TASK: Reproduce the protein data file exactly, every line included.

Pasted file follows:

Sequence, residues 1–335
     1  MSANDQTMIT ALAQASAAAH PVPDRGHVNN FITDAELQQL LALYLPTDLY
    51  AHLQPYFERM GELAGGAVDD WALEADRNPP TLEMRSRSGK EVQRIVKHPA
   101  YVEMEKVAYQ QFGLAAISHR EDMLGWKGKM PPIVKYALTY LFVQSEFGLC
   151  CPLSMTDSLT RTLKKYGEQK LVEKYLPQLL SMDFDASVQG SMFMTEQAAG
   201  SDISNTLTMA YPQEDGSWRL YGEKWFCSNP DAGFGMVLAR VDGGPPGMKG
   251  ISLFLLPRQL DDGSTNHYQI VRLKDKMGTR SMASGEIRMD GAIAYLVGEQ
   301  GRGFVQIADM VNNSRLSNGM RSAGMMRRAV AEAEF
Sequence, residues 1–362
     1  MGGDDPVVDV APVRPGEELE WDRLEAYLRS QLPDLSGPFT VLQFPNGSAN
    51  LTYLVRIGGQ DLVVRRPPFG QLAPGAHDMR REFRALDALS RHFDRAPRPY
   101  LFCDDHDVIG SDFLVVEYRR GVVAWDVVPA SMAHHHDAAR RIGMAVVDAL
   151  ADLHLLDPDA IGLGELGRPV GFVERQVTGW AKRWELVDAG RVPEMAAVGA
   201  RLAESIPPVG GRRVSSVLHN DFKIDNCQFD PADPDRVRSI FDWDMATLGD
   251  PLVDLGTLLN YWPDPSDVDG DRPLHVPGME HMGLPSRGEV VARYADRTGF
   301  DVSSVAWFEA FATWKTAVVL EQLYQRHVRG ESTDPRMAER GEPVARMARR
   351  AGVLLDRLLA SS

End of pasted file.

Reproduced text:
Sequence, residues 1–335
     1  MSANDQTMIT ALAQASAAAH PVPDRGHVNN FITDAELQQL LALYLPTDLY
    51  AHLQPYFERM GELAGGAVDD WALEADRNPP TLEMRSRSGK EVQRIVKHPA
   101  YVEMEKVAYQ QFGLAAISHR EDMLGWKGKM PPIVKYALTY LFVQSEFGLC
   151  CPLSMTDSLT RTLKKYGEQK LVEKYLPQLL SMDFDASVQG SMFMTEQAAG
   201  SDISNTLTMA YPQEDGSWRL YGEKWFCSNP DAGFGMVLAR VDGGPPGMKG
   251  ISLFLLPRQL DDGSTNHYQI VRLKDKMGTR SMASGEIRMD GAIAYLVGEQ
   301  GRGFVQIADM VNNSRLSNGM RSAGMMRRAV AEAEF
Sequence, residues 1–362
     1  MGGDDPVVDV APVRPGEELE WDRLEAYLRS QLPDLSGPFT VLQFPNGSAN
    51  LTYLVRIGGQ DLVVRRPPFG QLAPGAHDMR REFRALDALS RHFDRAPRPY
   101  LFCDDHDVIG SDFLVVEYRR GVVAWDVVPA SMAHHHDAAR RIGMAVVDAL
   151  ADLHLLDPDA IGLGELGRPV GFVERQVTGW AKRWELVDAG RVPEMAAVGA
   201  RLAESIPPVG GRRVSSVLHN DFKIDNCQFD PADPDRVRSI FDWDMATLGD
   251  PLVDLGTLLN YWPDPSDVDG DRPLHVPGME HMGLPSRGEV VARYADRTGF
   301  DVSSVAWFEA FATWKTAVVL EQLYQRHVRG ESTDPRMAER GEPVARMARR
   351  AGVLLDRLLA SS